Beshear campaign, Kentucky Democratic Party return $202,000 linked to London mayor Skip to content

Beshear campaign, Kentucky Democratic Party return $202,000 linked to London mayor

Contributions were made on Randall Weddle’s credit card

3 min read
Randall Weddle, mayor of London, Kentucky, speaking at Gov. Andy Beshear’s press conference on May 18. (Screen grab from Gov. Andy Beshear’s YouTube Channel, via Kentucky Lantern)

The Andy Beshear for Governor campaign and Kentucky Democratic Party have refunded $202,000 in what they determined to be excess political contributions from members of the family of London Mayor Randall Weddle and employees of a company Weddle co-founded.

The refunded contributions were first identified as being unusual in an April 17 report by the Kentucky Lantern under the headline, “Some surprising new players in Kentucky politics are filling Beshear’s campaign war chest.”

That report noted that members of Weddle’s family and employees of WB Transport, a company co-founded by Weddle, had provided the biggest batch of contributions to the Kentucky Democratic Party and the Beshear campaign — at least $305,000 — since Beshear became governor in 2019.

None of those donors had ever before made a large political contribution. Bundling political contributions is legal as long as the contribution is voluntary and the contributor is not reimbursed for the donation. It is illegal for a person to exceed the donation limits by making excess contributions in the names of other people.

Mayor Weddle himself was never listed by the party or Beshear campaign as a contributor, and he told Kentucky Lantern he did not know how the contributions came about.

Eric Hyers, Beshear’s campaign manager, initially rejected the suggestion that the donations could be improper.

But in a text message Tuesday morning Hyers said that the $202,000 was being refunded because the Beshear campaign had discovered that a credit card in Randall Weddle’s name was used to contribute that amount.

The refunds, Hyers said, would be reflected in reports filed with the Kentucky Registry of Election Finance and the Federal Election Commission this week.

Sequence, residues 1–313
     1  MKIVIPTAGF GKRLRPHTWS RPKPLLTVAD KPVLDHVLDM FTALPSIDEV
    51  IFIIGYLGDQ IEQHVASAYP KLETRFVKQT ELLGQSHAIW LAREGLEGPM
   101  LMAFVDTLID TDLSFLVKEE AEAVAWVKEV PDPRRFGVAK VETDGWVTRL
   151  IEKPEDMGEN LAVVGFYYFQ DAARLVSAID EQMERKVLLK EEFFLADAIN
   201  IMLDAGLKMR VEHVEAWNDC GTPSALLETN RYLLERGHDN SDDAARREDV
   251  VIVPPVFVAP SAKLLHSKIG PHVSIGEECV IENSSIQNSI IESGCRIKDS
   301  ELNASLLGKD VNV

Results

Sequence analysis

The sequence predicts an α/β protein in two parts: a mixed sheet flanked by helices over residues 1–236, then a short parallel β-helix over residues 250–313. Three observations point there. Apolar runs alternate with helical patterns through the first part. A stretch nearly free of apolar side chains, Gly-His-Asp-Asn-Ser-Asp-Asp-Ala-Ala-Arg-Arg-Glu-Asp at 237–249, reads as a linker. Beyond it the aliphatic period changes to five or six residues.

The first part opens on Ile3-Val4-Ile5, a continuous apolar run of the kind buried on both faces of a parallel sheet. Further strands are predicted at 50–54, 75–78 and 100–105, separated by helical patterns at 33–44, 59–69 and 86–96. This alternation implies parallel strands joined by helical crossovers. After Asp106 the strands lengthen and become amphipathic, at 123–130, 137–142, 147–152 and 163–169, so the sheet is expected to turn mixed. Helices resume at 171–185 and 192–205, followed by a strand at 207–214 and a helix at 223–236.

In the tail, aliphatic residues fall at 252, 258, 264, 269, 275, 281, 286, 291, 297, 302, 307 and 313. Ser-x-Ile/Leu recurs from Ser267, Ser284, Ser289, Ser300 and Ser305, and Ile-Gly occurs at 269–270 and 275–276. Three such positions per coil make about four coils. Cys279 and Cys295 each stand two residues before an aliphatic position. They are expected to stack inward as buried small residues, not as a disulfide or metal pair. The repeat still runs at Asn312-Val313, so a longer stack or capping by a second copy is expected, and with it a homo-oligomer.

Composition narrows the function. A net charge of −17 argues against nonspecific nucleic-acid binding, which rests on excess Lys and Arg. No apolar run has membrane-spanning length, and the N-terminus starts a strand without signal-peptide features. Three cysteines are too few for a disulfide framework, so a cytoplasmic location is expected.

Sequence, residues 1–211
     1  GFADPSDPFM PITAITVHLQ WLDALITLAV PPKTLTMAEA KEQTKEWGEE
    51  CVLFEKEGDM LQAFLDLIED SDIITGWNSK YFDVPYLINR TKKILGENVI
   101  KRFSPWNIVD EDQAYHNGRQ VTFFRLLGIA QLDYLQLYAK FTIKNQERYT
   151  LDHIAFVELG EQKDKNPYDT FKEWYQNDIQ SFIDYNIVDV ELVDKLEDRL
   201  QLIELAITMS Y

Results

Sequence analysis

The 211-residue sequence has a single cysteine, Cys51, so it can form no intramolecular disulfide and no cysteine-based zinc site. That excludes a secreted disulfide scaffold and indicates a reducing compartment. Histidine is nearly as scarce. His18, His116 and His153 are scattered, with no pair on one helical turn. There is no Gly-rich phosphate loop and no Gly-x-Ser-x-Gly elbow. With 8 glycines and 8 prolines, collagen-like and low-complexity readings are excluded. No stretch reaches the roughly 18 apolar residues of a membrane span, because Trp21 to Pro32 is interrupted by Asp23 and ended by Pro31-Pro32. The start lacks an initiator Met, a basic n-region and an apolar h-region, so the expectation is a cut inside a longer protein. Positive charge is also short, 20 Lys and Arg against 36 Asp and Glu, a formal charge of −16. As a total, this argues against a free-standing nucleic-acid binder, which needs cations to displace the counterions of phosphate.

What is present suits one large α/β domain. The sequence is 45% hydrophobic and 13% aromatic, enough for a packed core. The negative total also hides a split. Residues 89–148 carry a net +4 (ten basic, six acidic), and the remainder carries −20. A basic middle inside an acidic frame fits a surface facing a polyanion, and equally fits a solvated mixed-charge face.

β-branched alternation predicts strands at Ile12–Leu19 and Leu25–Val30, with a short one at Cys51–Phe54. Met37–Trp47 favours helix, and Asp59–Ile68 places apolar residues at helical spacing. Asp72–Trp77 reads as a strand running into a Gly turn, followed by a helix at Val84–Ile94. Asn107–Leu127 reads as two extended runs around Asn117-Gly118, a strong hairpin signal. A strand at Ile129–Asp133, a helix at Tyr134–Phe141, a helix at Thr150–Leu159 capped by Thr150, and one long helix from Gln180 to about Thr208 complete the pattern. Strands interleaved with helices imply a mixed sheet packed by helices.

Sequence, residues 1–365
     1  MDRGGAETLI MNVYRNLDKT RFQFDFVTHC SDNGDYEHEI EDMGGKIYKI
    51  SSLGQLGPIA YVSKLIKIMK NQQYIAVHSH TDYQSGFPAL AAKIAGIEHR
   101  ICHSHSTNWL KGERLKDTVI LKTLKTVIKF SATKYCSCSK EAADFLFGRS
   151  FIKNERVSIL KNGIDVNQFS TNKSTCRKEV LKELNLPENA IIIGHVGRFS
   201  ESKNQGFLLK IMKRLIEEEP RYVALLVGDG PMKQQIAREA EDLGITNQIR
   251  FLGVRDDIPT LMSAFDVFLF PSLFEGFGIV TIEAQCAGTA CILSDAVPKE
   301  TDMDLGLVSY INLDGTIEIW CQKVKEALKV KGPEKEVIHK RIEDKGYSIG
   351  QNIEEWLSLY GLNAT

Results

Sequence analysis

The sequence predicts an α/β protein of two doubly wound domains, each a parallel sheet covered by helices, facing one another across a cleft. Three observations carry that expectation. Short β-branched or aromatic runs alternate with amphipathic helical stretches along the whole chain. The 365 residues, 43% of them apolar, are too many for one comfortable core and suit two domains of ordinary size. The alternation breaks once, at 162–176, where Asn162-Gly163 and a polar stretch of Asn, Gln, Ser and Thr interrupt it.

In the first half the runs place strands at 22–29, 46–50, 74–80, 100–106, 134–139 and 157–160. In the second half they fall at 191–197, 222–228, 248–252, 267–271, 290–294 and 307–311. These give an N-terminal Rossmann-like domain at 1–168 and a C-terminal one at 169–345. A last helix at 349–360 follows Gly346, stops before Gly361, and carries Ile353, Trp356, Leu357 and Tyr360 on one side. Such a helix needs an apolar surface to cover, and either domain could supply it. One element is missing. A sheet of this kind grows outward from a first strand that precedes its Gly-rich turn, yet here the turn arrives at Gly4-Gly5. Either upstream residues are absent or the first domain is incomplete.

Weddle did not immediately return a phone message left at the London mayor’s office Tuesday morning.

Hyers also released a statement from the Beshear campaign that said in the past month “it was brought to our attention that contributions were made to both the campaign and the Kentucky Democratic Party in excess of contribution limits. The donors themselves raised the issue, and expressed the desire to properly remedy the situation.”

The statement said that the campaign and party officials discovered that multiple contributions had been made on the same credit card.

“As soon as the campaign was informed of what happened, we notified the Kentucky Registry of Election Finance and sought guidance of how to rectify the situation. Per their instructions, we have refunded the contributions,” the news release said.

The news release also does not list the specific contributions that were refunded.

Hyers said that the Beshear campaign refunded $12,000, and the Kentucky Democratic Party refunded $190,000.

The Democratic Party’s report had not yet been posted on the Federal Election Committee website as of early Tuesday. But the Beshear campaign report for the period extending back to early May has been posted on the election registry website and it shows refunds of $2,000 each to six people from the Weddle-WB group: Jennifer Weddle, of Corbin; Lisa Weddle, of Knoxville; Phyllis McAdams, of Corbin; Michael Hacker, of Gray; David Owens, of Keavy; and Alecia Owens, of Indianapolis.

The statement from the Beshear campaign on Tuesday said the refunds were made as part of the campaign’s “full faith effort to comply with both the spirit and the letter of all campaign finance statues.”

The statement also said, “In addition to taking immediate steps to refund donations that were made in excess of contribution limits, we have taken proactive steps to prevent this from happening again.”

The statement gave this explanation as to how what it determined to be excess contributions came to be accepted by the campaign and the party:

“At issue is the fact that a single credit card was used to process donations in excess of contribution limits. To our surprise, the credit card processor did not notify us that a single credit card was processed multiple times, exceeding contribution limits. When donors contribute to the campaign via credit card, we are only able to see the last four digits of the credit cards used for these donations.

“Because the credit card processor did not catch the issue, we have implemented an additional step in our compliance process. Under this new procedure, a member of our compliance team will manually sort all online contributions on a periodic basis to find any credit card that has been used to donate an amount greater than the contribution limits. In addition, we have conducted this additional step retroactively, and are satisfied that this is the only instance in which a credit card has been used multiple times by multiple users to make contributions in excess of Kentucky contribution limits.

“We are confident that with these new procedures in place, we will be able to more easily detect a situation like this and make any necessary refunds. We think it is important that campaigns are forthcoming when actions need to be corrected, which is why we are providing this accounting of how this matter came to our attention and the steps we took to make sure that all contributions in our possession are compliant with all campaign finance statutes.”


Written by Tom Loftus. Cross-posted from the Kentucky Lantern.

Print Friendly and PDF

Kentucky Lantern

The Kentucky Lantern is an independent, nonpartisan, free news service. We’re based in Frankfort a short walk from the Capitol, but all of Kentucky is our beat.